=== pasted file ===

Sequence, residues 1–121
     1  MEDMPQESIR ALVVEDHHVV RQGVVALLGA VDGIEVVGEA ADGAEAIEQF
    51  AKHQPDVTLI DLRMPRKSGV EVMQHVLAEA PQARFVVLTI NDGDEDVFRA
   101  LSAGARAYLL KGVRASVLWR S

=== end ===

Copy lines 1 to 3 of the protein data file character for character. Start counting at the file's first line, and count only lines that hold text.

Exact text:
Sequence, residues 1–121
     1  MEDMPQESIR ALVVEDHHVV RQGVVALLGA VDGIEVVGEA ADGAEAIEQF
    51  AKHQPDVTLI DLRMPRKSGV EVMQHVLAEA PQARFVVLTI NDGDEDVFRA